Procrastination (ep. 384)-"Why, oh why are we doing it?"

I know it is old news, but I still keep listening to this every other day:

• • •

When I was mowing the lawn this evening I discovered that the we have a lot of wild strawberries in the garden, which are "ripening fast" as a slighty salacious Mr. Knightly as played by Mark Strong likes to say. (Honestly, that scenes is top 3 most erotic scenes of all Austen adaptations...)
I don't think there were ever so many before, so I went and picked some.
Then I made Panna Cotta with Wild Strawberries in a light sweet red wine marinade:

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(But I think I miscalculated with the starch and put in twice as much as I should have... not so great, but I'll do better next time, the rest tasted great. And there'll be more strawberries next week.)

• • •

Well, other than mowing and cooking I cleaned, put the living room in order, did my work out and watched Star Trek with the boyfriend...
I've been procrastinating for the last couple of days. Of course.
Actually I should be studying like crazy and finish a couple of papers, because as I found out (which was rather a shock) two weeks ago, I have only one semester left to complete my studies, then I'll be enrolled automatically for the Magister (old German Master degree, but not really the same at all) exams.. erm, well... and if I haven't completed every seminar until then I'll just as automatically fail the first of two tries I have.
So this completely screwed up my plans to focus on Croatian etc. Now I have to pass this stupid Spanish grammar exam which I failed like three times before, then pass Spanish intermediates in the days after that and then complete three major seminars the coming semester, while studying Croatian and Russian... and I'm sure I'm leaving something out, but it's really a lot of work and I dread that grammar exam (everything else I can handle, I'm sure, but that exam is my nemesis...)


[book] "Der 35. Mai" by Erich Kästner

Der 35. Mai oder Konrad reitet in die SüdseeDer 35. Mai oder Konrad reitet in die Südsee by Erich Kästner
My rating: 4 of 5 stars

Very funny, highly absurd, I didn't know this as a child, but I would have loved it.

I liked the last part best, when they finally meet the girl called Petersilie (and discover the whale in the forest), it's really fun and I just love this typical Kästner language immensely. The way they talk is just too funny.
(I seem to have read way too much Kästner - and later on too much Tucholsky and watched too much Loriot... - because when I talk (German), people tend not to "get" me, I'm using absurd words or strange expressions, and reading Kästner, or Tucholsky for that matter, still amuses me much.)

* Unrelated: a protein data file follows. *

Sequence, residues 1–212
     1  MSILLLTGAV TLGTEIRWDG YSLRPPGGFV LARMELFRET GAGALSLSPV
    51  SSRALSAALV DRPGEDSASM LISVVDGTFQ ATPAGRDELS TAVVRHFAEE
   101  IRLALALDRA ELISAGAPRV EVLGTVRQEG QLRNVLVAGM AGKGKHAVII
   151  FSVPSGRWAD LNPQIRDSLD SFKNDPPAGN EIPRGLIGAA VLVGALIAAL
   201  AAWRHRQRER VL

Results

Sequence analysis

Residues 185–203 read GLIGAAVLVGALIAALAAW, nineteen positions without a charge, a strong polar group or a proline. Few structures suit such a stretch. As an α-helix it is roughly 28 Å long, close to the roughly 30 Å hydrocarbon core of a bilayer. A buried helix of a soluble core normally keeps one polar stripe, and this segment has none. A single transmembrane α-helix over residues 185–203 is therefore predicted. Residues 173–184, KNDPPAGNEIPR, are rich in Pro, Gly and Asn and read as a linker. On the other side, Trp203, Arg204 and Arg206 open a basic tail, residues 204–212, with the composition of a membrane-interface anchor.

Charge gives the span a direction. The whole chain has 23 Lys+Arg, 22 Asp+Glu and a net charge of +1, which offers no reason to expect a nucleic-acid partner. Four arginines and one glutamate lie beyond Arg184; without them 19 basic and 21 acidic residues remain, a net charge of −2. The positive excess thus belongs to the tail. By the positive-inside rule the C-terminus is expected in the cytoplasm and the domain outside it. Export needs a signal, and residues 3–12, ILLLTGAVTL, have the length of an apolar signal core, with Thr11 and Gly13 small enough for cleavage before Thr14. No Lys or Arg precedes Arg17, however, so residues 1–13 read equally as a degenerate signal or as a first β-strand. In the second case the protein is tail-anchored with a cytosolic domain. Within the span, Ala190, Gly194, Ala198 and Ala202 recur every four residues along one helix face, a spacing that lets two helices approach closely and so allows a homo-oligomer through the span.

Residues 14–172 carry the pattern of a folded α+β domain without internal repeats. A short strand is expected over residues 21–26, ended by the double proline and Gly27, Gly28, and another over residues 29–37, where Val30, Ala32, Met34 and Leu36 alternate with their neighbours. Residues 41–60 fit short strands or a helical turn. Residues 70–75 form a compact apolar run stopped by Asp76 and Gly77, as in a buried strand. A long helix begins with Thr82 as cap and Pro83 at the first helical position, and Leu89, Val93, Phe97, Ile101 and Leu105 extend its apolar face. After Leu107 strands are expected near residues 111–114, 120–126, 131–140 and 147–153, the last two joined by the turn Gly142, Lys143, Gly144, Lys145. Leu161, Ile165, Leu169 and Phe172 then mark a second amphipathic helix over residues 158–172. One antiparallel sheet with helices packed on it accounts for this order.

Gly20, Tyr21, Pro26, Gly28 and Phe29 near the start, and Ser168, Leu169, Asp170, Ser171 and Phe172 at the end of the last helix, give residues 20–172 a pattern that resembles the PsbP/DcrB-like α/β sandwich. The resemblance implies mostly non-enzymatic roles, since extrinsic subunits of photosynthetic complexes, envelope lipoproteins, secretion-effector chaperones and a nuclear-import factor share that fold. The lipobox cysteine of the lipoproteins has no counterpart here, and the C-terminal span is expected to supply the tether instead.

But it is also a rather uncoordinated mixture of maybe too many different things at a time, so it is not Kästner's best for me. But still very enjoyable!

This is my favorite quote:
"Konrad war nicht fähig, etwas zu erwidern. Denn das Mädchen, das Petersilie hieß, war schwarz und weiß kariert! 'Mensch', sagte er schließlich. 'Auf dir kann man ja Schach spielen!' " ("Konrad was unable to respond. Because the girl called Parsley was checkered black and white. 'Gosh', he finally said. 'One can play chess on you!'")

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[book] "Daniel Stein" by Lyudmila Ulitskaya

Daniel SteinDaniel Stein by Ljudmila Ulitzkaja
My rating: 5 of 5 stars

This was an exceptional read and I can't even tell why exactly.
Neither the topic of second world war nor the issues about faith, belief and god interest me much. It also isn't a story of which the end was unknown or which contained a tension arc. Still I could hardly put the book down and wanted to read on and on.
Because it is a wonderful book. Ulitskaya has a wonderful way of writing, she puts things into words, that make them seem simple, yet profound. It's a joy to read any of her books, but this one is even special, it has so many distinct voices in it. All the time while reading I kept wondering what it was that made me want to read on and on, I don't even cared much for the characters (as in "liked" them), yet I think it was exactly those voices and characters which Ulitskaya can bring to live so real and true, that made me want to read on and enjoy the book so much.
I only found, like to often with great books - why is that?, the end to be a bit rushed. And while all of the book seems very open ended and non-dogmatic, the end tarnishes this impression a tiny bit.
(And the translation is very good, it manages to keep something of the original Russian even in the German text.)
So I don't have much to say to recommend this book, still I feel like I want to urge every one I meet to read this book immediately.
So: Go read this book!

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[audio book] "Carmilla: A Vampyre Tale"